What’s behind your lunch? Part 3

From dangerous meat to oversized chichis, Aramark serves a buffet of controversy.

by John Hoff

ANOTE: This column originally ran in the November 16th print edition, but was not put online.

Aramark, the company that runs your campus dining service, has a long and colorful history of legal scrapes, dubious associations and dedicated critics both outside and inside. Some of those critics met Monday with two members of the Daily staff to present a menu of issues ranging from possible peanut contamination to check chiseling. But so many Aramark controversies are in the past, right? Wouldn’t it be more productive to consider present business practices?

Let us hypothesize that the past month or so was fairly typical, and consider what has been happening with Aramark. A Google news search reveals repeat health code violations, allegations of employee mistreatment, tawdry acts of sexual harassment, messy management practices, even one death after a fight in a prison chow line. (Yes, the same company that does your lunch also serves prisoners.) While you calculate the rapidly decreasing number of pepperonis on your pizza, consider the following.

>Amanda Bergeron, student-journalist for the Berkeley Beacon (Berkeley, Calif.), reported a health code violation involving a popular burrito and pasta bar. Aramark would not release details to the press about what caused the lunch display station to be removed. The article also detailed food-related illnesses that had afflicted students in 2002. A “late-night buffet” was suspected in the earlier outbreak, but apparently Bergeron’s November 2005 article was the first time students read news of the 2002 sickness.

>In Cincinnati, health inspectors found dozens of violations at Paul Brown Stadium, including inadequate food temperatures and chemicals stored next to food preparation areas in unlabeled plastic cups. As part of a deal with Aramark, city inspectors will no longer be required to call the stadium days ahead of time to perform inspections. The health department plans to train Aramark employees and volunteers on food safety. Channel 5 in Cincinnati called the company a “repeat offender” and said violations go back half a decade, including lack of soap and towels for employees to wash hands. Food was found thawing outside and meat products were found at bacteria friendly temperatures.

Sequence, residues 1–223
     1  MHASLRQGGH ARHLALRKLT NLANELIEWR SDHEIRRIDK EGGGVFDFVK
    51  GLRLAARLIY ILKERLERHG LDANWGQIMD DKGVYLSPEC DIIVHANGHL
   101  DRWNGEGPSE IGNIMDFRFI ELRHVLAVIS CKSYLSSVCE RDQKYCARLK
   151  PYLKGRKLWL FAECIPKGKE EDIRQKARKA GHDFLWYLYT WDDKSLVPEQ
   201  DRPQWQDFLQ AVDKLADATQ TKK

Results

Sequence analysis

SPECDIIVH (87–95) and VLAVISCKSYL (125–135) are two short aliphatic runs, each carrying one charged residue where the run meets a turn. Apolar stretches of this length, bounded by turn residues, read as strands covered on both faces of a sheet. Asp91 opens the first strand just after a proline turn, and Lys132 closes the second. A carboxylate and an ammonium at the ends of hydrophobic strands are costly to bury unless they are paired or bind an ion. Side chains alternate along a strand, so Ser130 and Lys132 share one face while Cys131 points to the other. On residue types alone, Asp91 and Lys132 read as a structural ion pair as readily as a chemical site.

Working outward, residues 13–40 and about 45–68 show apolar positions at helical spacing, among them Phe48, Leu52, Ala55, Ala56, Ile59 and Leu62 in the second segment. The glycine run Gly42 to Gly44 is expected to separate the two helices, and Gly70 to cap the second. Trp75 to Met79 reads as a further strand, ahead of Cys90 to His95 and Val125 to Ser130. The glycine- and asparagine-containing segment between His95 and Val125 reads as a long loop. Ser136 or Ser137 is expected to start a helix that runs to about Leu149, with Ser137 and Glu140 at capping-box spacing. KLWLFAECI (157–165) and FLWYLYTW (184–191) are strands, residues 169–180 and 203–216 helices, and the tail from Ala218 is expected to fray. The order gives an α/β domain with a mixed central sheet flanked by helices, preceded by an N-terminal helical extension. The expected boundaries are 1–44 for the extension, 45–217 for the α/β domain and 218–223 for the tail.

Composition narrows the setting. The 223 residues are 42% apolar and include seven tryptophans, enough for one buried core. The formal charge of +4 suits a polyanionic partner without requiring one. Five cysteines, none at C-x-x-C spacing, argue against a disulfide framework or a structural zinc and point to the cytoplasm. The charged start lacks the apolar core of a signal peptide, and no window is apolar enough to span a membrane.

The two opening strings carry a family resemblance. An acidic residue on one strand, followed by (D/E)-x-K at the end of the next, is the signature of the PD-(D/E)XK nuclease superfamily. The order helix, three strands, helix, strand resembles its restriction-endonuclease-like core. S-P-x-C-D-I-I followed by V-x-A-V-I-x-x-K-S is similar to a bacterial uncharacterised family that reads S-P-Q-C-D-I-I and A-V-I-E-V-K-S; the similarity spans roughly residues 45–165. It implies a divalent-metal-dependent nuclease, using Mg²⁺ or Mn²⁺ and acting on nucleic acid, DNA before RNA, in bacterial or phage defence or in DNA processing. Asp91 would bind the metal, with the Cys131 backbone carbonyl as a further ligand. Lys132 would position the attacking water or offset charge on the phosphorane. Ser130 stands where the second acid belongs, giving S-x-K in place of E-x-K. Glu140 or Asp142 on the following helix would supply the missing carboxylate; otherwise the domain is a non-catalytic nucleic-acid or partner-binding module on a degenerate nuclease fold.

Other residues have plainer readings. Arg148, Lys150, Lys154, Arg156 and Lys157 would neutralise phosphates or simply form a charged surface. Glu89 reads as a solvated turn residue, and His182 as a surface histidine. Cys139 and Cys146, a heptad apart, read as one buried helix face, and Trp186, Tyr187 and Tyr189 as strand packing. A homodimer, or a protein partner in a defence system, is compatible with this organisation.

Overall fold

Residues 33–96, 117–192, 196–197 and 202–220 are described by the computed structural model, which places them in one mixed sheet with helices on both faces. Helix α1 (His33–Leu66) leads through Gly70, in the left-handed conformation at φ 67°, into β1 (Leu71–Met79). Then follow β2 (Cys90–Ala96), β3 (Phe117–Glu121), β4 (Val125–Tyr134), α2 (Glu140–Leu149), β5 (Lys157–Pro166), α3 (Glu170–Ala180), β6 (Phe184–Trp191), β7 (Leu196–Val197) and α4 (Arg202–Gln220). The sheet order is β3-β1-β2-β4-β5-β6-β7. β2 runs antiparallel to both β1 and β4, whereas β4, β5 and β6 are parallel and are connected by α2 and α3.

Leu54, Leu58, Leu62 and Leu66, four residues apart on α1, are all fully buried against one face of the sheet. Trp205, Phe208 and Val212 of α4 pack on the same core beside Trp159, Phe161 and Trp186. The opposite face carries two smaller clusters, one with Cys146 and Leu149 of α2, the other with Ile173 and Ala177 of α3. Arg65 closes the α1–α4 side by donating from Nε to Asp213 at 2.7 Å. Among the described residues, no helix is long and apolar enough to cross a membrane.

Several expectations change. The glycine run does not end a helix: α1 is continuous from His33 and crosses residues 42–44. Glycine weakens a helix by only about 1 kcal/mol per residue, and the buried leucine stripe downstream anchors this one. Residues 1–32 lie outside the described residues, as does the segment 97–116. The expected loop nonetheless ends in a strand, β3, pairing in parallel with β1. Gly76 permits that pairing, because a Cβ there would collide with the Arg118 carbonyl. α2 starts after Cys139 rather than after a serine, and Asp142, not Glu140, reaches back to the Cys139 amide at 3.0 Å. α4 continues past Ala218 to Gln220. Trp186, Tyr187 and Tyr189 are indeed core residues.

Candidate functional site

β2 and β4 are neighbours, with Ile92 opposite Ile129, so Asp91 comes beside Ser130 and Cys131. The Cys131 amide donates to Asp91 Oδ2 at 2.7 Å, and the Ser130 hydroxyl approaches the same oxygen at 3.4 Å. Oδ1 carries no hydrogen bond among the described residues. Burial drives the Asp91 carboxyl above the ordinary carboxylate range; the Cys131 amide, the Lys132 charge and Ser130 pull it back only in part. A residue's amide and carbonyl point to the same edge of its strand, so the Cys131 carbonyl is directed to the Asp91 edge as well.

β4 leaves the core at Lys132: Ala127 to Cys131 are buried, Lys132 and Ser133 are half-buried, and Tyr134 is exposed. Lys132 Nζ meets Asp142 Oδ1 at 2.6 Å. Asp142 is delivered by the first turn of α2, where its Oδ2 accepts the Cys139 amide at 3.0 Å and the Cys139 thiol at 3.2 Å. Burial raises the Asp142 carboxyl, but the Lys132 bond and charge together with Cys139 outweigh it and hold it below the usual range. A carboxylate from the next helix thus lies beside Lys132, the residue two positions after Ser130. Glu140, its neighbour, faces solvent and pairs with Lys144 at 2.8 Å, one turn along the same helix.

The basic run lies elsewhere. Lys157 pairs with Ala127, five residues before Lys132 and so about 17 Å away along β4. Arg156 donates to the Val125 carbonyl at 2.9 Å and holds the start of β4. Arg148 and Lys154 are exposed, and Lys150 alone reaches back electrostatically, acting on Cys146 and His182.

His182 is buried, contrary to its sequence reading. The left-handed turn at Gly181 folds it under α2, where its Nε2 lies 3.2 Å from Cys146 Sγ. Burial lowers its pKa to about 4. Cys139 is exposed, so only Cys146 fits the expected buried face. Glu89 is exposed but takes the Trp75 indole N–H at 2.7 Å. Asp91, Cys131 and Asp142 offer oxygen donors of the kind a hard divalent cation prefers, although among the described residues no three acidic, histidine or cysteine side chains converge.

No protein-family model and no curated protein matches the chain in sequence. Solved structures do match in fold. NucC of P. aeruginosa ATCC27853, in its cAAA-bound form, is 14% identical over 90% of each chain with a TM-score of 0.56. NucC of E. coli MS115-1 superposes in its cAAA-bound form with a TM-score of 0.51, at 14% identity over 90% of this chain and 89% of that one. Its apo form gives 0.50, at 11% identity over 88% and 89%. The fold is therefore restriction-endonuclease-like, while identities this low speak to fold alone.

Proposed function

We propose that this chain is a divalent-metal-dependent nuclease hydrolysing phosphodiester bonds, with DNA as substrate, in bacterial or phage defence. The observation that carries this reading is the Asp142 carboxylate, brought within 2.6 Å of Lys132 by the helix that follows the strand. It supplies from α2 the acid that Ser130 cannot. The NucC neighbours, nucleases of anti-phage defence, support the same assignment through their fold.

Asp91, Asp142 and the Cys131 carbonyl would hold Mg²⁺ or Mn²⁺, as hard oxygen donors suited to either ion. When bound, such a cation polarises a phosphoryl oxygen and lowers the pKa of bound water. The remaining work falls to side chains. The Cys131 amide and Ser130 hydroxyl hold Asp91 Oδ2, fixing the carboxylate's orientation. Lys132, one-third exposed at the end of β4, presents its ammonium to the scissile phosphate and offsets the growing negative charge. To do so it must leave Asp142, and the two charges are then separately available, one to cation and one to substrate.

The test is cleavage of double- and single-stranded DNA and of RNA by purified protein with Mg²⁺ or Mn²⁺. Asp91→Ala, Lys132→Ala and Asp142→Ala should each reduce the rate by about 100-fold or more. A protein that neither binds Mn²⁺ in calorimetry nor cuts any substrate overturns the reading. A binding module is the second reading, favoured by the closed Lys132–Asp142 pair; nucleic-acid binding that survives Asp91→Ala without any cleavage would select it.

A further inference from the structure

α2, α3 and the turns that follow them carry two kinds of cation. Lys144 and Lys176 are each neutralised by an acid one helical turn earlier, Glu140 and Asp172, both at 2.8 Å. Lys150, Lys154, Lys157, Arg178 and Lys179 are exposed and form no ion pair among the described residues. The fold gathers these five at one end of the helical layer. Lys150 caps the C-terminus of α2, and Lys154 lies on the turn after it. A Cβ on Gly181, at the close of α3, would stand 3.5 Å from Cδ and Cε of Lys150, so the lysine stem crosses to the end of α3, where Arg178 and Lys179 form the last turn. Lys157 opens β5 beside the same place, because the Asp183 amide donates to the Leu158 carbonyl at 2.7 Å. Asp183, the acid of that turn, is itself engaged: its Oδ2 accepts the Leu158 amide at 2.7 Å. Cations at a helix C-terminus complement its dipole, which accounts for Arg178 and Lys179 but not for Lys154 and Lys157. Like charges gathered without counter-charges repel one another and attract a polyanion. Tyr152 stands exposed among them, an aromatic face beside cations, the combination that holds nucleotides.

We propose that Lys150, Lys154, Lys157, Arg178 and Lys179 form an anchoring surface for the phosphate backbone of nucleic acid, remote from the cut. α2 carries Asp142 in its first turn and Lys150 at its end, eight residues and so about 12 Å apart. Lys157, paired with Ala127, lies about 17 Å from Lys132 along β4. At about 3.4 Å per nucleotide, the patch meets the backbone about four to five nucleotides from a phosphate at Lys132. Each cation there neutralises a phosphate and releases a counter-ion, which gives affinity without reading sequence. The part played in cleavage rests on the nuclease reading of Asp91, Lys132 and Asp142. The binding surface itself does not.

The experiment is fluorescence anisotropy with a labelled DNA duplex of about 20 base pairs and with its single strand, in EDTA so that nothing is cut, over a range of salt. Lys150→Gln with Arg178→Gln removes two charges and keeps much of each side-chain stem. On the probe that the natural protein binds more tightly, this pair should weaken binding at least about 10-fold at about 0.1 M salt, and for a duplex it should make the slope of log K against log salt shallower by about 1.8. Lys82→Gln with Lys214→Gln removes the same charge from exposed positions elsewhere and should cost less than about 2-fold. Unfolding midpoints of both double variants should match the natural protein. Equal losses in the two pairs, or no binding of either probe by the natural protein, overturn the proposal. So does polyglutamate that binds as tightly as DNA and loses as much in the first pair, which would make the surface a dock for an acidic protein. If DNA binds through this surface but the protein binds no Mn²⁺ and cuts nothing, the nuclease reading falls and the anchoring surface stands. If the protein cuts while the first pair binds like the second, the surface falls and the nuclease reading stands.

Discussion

>At the University of California-Irvine, three students released a report alleging mistreatment of Aramark workers and landscaping workers. The employees receive such bad pay and benefits that they are eligible for public assistance. In conjunction with the release of the report, 80 students and workers rallied in front of “the administrative flagpoles” and then marched along Ring Road, chanting slogans including, “UCI, you’re no good. Treat the workers like you should.” Slogans were also chanted in Spanish, according to student-journalist Ben Ritter.

>In Billings, Mont., the supervisor of a county jail kitchen who works for Aramark was alleged to have supplied inmates with “illegal drugs, tobacco and tobacco paraphernalia.” Five inmates may have been involved, two of whom work in the kitchen, according to the Billings Gazette.

>In Sioux City, Iowa, two former Aramark Uniform Services employees won $600,000 in a sexual harassment case. Jurors found that “Anita Lopez and Maricela Villalpando were subjected to a hostile work environment” and lost their jobs for reporting what their supervisor, “referred to in court documents only as Butch,” said and did. One woman was told that her “chi-chis” were too big and she would fall over. Another was subjected to continual comments on the size of her breasts, provocative dancing, touching, pinching and being asked to wear a polka-dot bikini to work on Butch’s birthday, all according to Sioux City Journal.

>In Texas, Aramark was in charge of cleaning schools in the Keller school district. After the company was fired, district officials found the warehouse in a terrible state of disorder, with equipment so shoddy that custodians have had to bring vacuums and mops from home to do their jobs. It was difficult to determine whether vendors had even dropped off equipment for which invoices had been submitted. Overtime was described as “out of control” by the Dallas Fort Worth Star-Telegram.

>In Michigan, a letter signed “We The Prisoners, Indiana State Prison” complained about waiting hours for dinner, then receiving insufficient servings. In July, one prisoner died in his cell after a fight that began in the tense chow line. Many prisoners complained about bad-tasting food but their complaints were shrugged off as a dislike for healthy food. Michigan Gov. Mitch Daniels thinks the move to privatize food service has been worth its weight in dollars, according to the Michigan City News Dispatch.

So there we have a typical month for Aramark. Thursday’s column will focus on the history of Aramark at the University, as seen through the archives of the Daily, and, as before, the column will question whether this is what the University wants for its future.

John Hoff welcomes comments at [email protected].